Chapter 1.

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I'm wearing the boots I wore to my father's funeral.

"Sit up straight, Evie," mother jabs me with her sharp elbow. Everything about her is sharp. Her cheekbones, the shoulders of her severe black mourning gown, the tips of her gloved fingers like satin knives. I think I remember a time she was kind to me, but it was long ago.

"There's no one out here to see," I mutter under my breath, and deepen my slouch as much as my stays will allow. I look down the road, a stripe of wet brown earth through the waving green grass. In the distance, a mountain stands sentinel, its top resembling a swayback mare. I don’t know the direction the wagon will come from, nor the way it will carry me off to my new life.

"Don't be such a child, Evie." Mother sighs her long-suffering sigh and folds her hands. Beneath the black silk on her left hand, she wears a simple gold band. Though I cannot see it, I know it is there; I feel its weight upon my heart.

"You've done this to yourself," she repeats, an endless litany I’ve grown tired of hearing since we departed from Boston. On the train, then the stagecoach, I’ve heard those damning words. Now, on this hard wooden bench, outside this shuttered post office, I hear them again. I hate them, for although I know they aren’t true, a part of me suspects they might be.

A dark stain glimmers on the horizon. It's the wagon, and it won't reach us for some time, but mother declares breathlessly, "Finally, it's here."

She’s eager to be rid of me. Like the evidence of a crime, she wishes to wipe me from memory, so that she can live without guilt. My daily presence would be a reminder of her loveless marriage to my father, and a condemnation of how quickly she wed his brother. My father wasn’t in the ground a full month before she remarried, and I wasn’t in the house a full day after that.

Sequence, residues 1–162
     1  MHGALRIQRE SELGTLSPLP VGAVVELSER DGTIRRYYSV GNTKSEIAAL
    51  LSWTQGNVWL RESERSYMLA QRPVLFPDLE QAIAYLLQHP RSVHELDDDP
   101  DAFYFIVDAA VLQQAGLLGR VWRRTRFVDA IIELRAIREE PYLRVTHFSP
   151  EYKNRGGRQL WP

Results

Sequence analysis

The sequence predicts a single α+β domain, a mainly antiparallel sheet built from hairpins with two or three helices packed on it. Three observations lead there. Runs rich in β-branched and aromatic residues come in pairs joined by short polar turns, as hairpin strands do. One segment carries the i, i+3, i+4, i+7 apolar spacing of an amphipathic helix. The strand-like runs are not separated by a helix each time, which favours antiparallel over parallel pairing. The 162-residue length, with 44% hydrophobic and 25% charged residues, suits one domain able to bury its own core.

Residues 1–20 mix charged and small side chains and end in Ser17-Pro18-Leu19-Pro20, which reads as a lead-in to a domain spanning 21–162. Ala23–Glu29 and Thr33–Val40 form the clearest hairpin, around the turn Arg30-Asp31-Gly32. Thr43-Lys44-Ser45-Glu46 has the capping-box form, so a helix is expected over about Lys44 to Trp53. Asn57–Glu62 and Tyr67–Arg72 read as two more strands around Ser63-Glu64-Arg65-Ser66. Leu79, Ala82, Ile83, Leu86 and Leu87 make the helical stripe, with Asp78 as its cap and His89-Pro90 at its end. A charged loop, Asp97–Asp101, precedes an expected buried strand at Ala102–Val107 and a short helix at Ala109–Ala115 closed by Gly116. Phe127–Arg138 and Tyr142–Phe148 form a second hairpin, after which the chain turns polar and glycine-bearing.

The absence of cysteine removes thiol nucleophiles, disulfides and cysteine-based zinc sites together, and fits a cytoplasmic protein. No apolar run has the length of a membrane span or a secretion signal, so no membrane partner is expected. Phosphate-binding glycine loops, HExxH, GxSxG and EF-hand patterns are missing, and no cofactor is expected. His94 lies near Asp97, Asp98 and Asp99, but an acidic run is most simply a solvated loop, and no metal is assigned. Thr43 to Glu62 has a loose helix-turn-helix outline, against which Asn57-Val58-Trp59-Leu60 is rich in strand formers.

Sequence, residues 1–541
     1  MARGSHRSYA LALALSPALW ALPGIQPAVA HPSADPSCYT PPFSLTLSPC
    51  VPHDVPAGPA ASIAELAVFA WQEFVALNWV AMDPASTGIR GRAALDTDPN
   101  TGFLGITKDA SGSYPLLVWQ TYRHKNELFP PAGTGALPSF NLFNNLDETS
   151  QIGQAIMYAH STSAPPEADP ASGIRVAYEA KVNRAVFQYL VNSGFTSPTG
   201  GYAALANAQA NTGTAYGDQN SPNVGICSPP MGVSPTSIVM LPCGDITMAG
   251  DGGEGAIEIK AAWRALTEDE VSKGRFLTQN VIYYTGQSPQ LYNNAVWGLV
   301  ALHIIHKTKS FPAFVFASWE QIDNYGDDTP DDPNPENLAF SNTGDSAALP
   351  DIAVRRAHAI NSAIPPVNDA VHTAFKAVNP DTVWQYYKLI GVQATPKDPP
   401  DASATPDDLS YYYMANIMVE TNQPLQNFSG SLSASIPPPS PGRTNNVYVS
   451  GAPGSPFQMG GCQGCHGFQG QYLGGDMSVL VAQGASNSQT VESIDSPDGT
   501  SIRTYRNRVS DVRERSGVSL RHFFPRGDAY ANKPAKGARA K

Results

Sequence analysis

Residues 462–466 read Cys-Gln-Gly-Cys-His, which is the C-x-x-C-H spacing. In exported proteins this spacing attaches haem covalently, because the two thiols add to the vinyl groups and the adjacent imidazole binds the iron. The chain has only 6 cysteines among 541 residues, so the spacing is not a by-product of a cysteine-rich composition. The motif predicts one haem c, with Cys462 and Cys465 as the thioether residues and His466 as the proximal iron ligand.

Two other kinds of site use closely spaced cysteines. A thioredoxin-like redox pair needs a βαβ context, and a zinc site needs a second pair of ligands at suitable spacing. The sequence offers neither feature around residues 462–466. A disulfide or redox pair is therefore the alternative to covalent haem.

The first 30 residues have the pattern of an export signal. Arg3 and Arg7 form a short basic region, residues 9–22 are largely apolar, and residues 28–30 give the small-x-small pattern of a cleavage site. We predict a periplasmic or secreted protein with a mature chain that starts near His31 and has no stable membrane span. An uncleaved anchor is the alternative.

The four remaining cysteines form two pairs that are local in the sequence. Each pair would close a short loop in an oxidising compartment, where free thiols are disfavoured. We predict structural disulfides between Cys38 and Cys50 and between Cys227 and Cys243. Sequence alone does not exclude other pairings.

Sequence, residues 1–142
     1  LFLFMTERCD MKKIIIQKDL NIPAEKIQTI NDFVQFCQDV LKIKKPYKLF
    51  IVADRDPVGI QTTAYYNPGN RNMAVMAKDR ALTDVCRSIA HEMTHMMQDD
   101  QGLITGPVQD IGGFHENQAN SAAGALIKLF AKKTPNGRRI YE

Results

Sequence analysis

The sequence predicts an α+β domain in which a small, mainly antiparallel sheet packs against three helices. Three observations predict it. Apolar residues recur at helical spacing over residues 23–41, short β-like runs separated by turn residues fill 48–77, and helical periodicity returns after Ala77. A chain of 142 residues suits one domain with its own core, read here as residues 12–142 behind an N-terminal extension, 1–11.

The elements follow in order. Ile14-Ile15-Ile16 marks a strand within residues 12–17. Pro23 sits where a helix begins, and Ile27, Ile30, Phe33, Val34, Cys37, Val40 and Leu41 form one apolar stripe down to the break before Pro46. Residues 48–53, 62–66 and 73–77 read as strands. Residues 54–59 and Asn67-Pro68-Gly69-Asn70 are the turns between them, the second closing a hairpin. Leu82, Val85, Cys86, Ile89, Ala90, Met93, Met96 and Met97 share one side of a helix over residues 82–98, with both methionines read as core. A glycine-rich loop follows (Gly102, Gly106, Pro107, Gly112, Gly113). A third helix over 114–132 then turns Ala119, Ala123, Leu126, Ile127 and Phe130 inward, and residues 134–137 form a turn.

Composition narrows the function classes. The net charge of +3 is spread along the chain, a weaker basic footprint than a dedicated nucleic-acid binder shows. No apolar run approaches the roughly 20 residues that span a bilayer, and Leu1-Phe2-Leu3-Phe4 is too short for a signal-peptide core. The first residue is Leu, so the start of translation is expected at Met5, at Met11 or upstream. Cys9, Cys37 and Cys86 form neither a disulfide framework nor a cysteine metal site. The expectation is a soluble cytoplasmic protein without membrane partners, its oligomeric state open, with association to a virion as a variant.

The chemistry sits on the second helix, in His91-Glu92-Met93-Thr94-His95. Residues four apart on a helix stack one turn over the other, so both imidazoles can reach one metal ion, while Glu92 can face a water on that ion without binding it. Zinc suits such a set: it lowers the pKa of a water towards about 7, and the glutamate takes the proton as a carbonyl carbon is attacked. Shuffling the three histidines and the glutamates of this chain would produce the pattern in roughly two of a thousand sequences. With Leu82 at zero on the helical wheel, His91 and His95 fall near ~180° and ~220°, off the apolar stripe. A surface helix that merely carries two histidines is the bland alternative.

Perhaps I remind her too much of my father in looks. Mother prides herself on her sleek golden hair and porcelain complexion. She often remarks on my "Italian" appearance; my ecru-tinted skin and black eyes offend her, though she must have found them handsome on my father when they first met.

I don’t know what caused them to fall out. It no longer matters.

That last exclamation–"Finally, it's here,"– is all my mother has left to say. Now that she has seen her salvation approaching on the road, she’s finished with me. In front of this worn building with its peeling paint, on the side of the road in Bannock, New York, my mother will surrender me to the Shakers.

When the wagon arrives, mother and I are both surprised to see a woman driving it. She wears dour black from the heels of her sensible boots to the point of the long, stiff bib of her collar. Her hair is dull brown, her ungloved hands calloused. The only brightness about her is her starched white bonnet.

"Art thou Evelyn Whitney?" Every line on the woman's face is a well of scorn.

"This is Evie." Mother is already on her feet, her chin thrust upward to compete with the righteousness in the wagon-woman's tone.

"I am Sister Anne Barker. Thou may address me as Sister Anne. There is no impertinence in using familiar names among the family." Her cold blue eyes fall on my mother. "I haven't got all day. Load her things into the wagon."

My mother's already ramrod posture straightens further. It's a wonder she can breathe, drawn up as tall as she is. But Sister Anne's fearsome gaze does not waver, and I watch in open-mouthed shock as my mother, who has never lifted anything heavier than a lace fan, clumsily bends and takes my case by the handle. She is all graceless angles as she pulls it down the two wooden steps from the post office porch, like a starving cat dragging a particularly heavy rat across the floor. And I stand, too surprised to laugh at her, and watch with a mixture of horror and elation to see my mother so humiliated.

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